This bookstore in China offers 80,000 titles and an immersive M.C. Escher-style illusion

Shanghai-based architecture firm X+Living has completely transformed the simple experience of reading a book by turning a bookstore in Chengdu into a two-story cathedral-like space. The inside of this edifice, called Dujiangyan Zhongshuge, is even more impressive. It houses a cafe on the first floor and a children’s area occupied by a bamboo forest and pandas climbing the bookcases. In the rest of the two-story space, the uppermost shelves lining the winding walkways are covered in a decorative print, adding to the illusion of countless volumes and ensuring all 80,000 available titles are within a customer’s reach.

Li Xiang, the founder of X+Living, says, “The mirror ceiling in the space is the signature of Zhongshuge bookstore. It effectively extends the space by reflection. The project is located in Dujiangyan, which is a city with a long history of water conservancy development, so in the main area, you could see the construction of the dam integrated into the bookshelves.”

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Like the Tianjin Binhai Library, the X+Living firm has also used film printed with books on the upper shelves so it would appear that books stretched from floor to ceiling. It’s not just the books or the unending illusion of it that will leave your jaw dropped but the bold archways, reflective tile floor that makes the display tables appear like floating boats, and a mirror embedded in the ceiling to create a seemingly endless loop of stairways and shelving that adds a mystical, dramatic angle to this space.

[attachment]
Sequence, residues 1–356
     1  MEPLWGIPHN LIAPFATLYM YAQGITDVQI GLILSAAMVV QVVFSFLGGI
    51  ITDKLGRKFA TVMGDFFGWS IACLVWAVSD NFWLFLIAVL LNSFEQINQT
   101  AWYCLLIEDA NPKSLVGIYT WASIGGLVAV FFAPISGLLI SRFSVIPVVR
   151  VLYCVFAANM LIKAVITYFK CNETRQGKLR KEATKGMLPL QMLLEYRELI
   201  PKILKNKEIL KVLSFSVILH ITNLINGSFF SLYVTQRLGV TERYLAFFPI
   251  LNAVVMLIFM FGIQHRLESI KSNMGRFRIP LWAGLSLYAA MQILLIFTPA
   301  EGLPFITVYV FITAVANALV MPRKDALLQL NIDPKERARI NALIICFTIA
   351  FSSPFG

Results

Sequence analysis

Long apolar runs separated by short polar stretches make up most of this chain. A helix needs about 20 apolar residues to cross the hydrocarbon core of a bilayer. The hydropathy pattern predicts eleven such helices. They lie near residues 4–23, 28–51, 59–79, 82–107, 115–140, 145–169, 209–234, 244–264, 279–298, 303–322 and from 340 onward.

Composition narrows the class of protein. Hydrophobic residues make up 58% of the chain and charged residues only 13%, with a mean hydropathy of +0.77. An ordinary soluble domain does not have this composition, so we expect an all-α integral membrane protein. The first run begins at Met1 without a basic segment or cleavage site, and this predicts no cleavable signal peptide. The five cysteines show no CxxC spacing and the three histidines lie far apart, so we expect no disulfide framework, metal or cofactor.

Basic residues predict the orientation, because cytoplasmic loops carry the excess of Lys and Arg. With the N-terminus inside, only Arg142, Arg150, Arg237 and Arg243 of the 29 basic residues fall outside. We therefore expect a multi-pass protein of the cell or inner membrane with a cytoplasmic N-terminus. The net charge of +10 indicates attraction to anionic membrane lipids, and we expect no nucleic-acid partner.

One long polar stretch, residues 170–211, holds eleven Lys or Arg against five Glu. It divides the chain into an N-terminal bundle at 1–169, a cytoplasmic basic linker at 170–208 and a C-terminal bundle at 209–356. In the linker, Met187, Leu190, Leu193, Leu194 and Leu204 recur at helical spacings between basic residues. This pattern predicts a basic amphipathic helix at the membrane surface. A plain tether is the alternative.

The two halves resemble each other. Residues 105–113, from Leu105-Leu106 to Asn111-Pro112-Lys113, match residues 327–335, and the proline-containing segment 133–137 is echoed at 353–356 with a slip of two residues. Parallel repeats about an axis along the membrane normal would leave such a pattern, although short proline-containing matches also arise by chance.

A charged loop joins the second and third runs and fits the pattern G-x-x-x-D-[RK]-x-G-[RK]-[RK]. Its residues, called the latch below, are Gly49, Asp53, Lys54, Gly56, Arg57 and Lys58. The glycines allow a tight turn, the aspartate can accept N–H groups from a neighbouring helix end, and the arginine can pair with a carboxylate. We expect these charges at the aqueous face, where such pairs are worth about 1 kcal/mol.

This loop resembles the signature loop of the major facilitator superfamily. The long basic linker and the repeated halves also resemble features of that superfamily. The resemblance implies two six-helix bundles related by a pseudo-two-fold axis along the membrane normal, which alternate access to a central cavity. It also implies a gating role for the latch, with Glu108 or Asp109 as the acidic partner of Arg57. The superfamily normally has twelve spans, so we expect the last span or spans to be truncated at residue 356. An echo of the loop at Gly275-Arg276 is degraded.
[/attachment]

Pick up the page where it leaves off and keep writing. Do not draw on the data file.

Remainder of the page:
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The second level’s balcony is filled with seating, where customers can browse through their selections, work, or meet. Each space was carefully considered to add to the overall experience. “This project is a holistic concept,” says Li, “We needed to coordinate every part of the space to ensure that any functional item, whether it is a bookshelf or a desk, does not break away from the theme of the concept and at the same time has a sense of beauty.

[Via: Architectural Digest]

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